Scavenger Behavior in Puppies

Teaching a puppy not to scavenge before he grows up can avoid some undesirable habits as an adult dog.

Teaching a puppy not to scavenge before he grows up can avoid some undesirable habits as an adult dog.

The saying that you can't leave a dog to watch your sandwich attests to the fact that our canine friends are scavengers who will gobble up anything their mouths can find. Since puppies are dogs in training, it stands to reason that their immature nature will exhibit the same behavior.

Man's Best Vacuum Cleaner

Before dogs earned the status of "man's best friend" being fed by his master, a canine was forced to search, hunt or scavenge for his daily food. Centuries later, the instinct remains strong. According to Pet Finder, today's dogs possess eating habits they have inherited from their ancestors, who could not rely on regular meals so they evolved with an ability to eat large quantities of food when it was available. Time is a powerful force, but not strong enough to remove all tendencies.

Rule Out Medical Problems

A first step in dealing with a dog that won't stop gobbling down any piece of food he can snatch is to determine if there is a medical problem. Joe the Vet suggests evaluating your canine friend for a hypothyroid or malabsorption condition that could inadvertently be leaving the dog feeling constantly hungry.

Psychologically Rewarding

Just like a child that figures out getting into trouble gets your attention, your dog has similar reasons for snagging treats off the counter and dining room table. According to the Dog Obedience Training Review, it could be a tactic to get your attention. It is self-rewarding in that the naughty behavior still ends up getting the dog something he wants. The DOTR says it's a bit of a catch-22 -- you have to respond to the dog's behavior, but the dog may only understand that he got both a treat and your attention.

Making It Stop

It's easier said than done, but according to Pet Finder, it is possible to teach your canine friend to "leave it" when he encounters temptation to scavenge. It begins by holding a treat in clenched fist, not allowing the dog to scarf it down. You tell the dog "leave it" and do not give the treat. When the dog has obeyed you by not trying to get the treat from you, reward the lack of engagement in scavenger behavior by giving him the treat. It might, at first glance, seem counterproductive to keeping the dog from eating something by actually giving him something to eat. However, after several successful rounds, the dog learns to obey your command of "leave it" and this becomes another tool in your arsenal of preventing him from grabbing accidentally dropped food off the floor or jumping up to snag unattended food from the kitchen counter.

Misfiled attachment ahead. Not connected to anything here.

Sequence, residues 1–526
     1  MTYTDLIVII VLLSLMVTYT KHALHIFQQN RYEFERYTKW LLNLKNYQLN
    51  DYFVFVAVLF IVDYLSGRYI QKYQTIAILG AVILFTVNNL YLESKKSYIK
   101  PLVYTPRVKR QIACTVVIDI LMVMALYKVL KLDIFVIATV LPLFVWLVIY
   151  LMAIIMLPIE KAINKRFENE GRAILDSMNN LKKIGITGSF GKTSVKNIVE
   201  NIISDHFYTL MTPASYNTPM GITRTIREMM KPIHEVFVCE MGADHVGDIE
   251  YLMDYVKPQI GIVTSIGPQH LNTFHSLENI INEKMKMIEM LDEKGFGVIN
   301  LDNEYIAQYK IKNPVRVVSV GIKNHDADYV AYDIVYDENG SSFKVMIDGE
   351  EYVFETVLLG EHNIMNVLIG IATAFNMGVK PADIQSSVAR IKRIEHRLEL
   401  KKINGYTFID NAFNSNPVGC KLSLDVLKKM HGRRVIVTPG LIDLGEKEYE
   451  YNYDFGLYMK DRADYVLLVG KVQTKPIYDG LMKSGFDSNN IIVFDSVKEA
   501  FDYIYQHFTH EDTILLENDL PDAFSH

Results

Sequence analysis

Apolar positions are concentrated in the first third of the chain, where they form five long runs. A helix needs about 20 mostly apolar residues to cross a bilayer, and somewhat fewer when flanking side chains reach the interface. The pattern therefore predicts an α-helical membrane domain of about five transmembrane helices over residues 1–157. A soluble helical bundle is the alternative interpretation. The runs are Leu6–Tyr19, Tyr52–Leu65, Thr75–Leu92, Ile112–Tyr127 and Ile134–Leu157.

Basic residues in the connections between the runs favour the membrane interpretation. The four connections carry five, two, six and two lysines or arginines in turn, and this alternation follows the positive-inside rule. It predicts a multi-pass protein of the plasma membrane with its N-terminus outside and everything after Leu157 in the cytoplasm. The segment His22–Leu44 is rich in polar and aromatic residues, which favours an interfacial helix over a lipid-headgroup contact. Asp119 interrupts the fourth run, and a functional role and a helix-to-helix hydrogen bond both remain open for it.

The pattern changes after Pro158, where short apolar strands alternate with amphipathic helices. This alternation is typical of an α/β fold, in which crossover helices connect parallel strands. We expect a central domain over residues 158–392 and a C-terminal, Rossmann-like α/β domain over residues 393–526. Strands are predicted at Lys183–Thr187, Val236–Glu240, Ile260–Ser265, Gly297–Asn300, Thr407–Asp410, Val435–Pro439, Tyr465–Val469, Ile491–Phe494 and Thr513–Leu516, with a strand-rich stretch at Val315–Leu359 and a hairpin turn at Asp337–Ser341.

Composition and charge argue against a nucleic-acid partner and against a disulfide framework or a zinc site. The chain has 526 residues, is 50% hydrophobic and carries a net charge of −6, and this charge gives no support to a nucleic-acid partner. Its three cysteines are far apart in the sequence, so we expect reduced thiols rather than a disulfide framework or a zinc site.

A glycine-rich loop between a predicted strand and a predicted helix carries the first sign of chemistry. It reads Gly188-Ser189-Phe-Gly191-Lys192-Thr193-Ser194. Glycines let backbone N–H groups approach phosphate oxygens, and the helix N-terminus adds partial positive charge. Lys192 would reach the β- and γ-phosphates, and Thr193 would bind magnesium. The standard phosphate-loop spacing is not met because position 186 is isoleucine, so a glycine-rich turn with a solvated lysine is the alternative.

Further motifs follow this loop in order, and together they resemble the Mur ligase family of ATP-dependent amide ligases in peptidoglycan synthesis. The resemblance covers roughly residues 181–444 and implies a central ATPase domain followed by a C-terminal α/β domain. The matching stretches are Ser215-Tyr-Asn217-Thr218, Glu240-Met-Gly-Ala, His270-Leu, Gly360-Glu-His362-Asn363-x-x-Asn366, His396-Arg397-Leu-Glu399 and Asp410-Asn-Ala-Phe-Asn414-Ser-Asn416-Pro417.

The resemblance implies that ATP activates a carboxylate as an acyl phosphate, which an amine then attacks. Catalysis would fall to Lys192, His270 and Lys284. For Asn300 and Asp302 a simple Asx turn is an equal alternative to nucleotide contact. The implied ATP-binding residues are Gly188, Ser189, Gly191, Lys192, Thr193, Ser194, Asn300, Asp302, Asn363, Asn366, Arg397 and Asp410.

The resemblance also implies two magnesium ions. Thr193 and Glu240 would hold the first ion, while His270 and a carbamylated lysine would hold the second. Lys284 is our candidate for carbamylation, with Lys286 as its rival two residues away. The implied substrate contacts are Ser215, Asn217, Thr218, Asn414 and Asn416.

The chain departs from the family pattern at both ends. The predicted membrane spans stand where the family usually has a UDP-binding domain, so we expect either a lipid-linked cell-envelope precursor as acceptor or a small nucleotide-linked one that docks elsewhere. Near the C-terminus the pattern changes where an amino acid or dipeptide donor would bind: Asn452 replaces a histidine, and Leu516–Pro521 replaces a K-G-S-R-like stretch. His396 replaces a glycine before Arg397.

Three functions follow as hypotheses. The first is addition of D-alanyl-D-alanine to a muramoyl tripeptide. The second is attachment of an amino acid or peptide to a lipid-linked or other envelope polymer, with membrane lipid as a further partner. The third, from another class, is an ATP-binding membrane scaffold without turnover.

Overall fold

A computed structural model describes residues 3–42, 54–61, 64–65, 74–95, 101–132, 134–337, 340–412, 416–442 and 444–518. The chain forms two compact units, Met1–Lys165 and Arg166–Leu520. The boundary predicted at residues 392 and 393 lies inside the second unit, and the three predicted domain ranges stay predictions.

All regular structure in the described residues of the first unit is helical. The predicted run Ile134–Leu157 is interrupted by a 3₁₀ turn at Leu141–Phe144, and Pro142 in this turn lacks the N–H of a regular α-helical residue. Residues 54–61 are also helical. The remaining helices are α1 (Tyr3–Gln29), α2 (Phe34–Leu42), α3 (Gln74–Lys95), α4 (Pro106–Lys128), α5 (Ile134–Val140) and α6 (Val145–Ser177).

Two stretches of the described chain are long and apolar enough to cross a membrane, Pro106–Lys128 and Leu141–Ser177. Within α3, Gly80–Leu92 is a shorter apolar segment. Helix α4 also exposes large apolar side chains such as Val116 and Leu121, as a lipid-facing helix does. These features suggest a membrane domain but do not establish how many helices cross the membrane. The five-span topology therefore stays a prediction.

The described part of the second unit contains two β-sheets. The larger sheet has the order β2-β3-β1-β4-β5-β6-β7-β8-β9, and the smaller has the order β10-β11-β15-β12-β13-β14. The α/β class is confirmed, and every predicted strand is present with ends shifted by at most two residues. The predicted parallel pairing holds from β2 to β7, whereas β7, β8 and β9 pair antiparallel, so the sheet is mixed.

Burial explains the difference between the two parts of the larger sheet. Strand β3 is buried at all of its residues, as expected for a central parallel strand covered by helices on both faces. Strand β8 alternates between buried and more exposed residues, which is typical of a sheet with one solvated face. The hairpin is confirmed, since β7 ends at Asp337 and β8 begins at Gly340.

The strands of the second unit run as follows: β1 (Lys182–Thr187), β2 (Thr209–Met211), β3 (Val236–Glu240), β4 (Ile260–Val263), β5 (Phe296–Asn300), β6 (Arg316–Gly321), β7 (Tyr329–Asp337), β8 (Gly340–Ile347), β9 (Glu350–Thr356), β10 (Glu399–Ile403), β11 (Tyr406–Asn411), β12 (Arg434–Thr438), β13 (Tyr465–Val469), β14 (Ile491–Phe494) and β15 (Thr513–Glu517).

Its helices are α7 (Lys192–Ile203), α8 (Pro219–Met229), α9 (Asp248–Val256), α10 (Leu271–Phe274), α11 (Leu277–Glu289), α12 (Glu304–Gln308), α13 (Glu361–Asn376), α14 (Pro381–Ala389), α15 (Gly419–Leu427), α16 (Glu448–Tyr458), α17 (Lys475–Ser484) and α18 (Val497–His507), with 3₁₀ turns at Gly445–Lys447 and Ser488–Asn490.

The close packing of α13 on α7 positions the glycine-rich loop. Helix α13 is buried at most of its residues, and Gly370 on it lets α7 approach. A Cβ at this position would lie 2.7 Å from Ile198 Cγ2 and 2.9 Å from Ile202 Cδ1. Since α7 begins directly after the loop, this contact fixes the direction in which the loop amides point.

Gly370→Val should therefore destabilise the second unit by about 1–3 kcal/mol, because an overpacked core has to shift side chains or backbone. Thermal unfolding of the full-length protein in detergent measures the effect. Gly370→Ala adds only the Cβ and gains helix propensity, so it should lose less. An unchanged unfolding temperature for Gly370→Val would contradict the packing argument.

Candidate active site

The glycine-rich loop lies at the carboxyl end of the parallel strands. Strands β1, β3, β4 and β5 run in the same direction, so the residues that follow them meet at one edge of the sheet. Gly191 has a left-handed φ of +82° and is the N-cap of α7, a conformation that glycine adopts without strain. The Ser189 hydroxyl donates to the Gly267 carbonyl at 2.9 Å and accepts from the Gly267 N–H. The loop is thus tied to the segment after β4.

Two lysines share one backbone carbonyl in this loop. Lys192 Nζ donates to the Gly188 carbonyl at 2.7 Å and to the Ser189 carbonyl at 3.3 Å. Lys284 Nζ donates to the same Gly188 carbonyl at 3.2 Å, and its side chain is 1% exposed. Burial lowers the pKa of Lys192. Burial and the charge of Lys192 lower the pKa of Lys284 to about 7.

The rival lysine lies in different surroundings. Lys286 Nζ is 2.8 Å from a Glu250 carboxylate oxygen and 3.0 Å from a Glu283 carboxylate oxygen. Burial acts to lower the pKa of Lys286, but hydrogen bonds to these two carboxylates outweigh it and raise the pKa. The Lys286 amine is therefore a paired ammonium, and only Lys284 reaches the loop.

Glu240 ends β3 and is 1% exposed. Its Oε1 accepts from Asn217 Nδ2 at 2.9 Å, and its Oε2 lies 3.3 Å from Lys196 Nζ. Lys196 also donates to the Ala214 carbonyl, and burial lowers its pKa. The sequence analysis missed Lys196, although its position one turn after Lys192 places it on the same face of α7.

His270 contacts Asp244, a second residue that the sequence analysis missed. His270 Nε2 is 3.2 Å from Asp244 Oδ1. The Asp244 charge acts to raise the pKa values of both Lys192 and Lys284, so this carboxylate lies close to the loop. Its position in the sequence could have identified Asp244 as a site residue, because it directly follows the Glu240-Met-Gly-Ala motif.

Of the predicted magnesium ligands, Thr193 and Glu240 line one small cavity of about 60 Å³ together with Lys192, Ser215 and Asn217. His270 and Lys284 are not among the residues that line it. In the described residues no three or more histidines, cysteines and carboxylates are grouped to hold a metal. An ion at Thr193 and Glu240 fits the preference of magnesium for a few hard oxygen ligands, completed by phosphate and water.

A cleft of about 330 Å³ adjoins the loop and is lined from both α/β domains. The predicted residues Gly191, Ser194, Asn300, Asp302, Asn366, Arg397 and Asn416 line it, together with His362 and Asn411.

Eating Poop

Perhaps one of the ickiest things puppies do on their journey toward becoming full-grown dogs is eating their own feces. It's almost a rite of passage that often continues into adulthood. According to Vet Info, some puppies eat their own poop simply because they are bored. According to Joe the Vet, the penchant toward their own bowel movements could be an indicator of improper nutrition. If all the nutrients are not properly absorbed in the digestive system but instead end up in the pup's elimination, the scent of the lingering carbohydrate and protein is easily picked up by a dog's keen sense of smell. It's only natural to chomp down what smells like a tasty meal.

 

About the Author

Amy M. Armstrong is a former community news journalist with more than 15 years of experience writing features and covering school districts. She has received more than 40 awards for excellence in journalism and photography. She holds a Bachelor of Arts in communications from Washington State University. Armstrong grew up on a dairy farm in western Washington and wrote agricultural news while in college.

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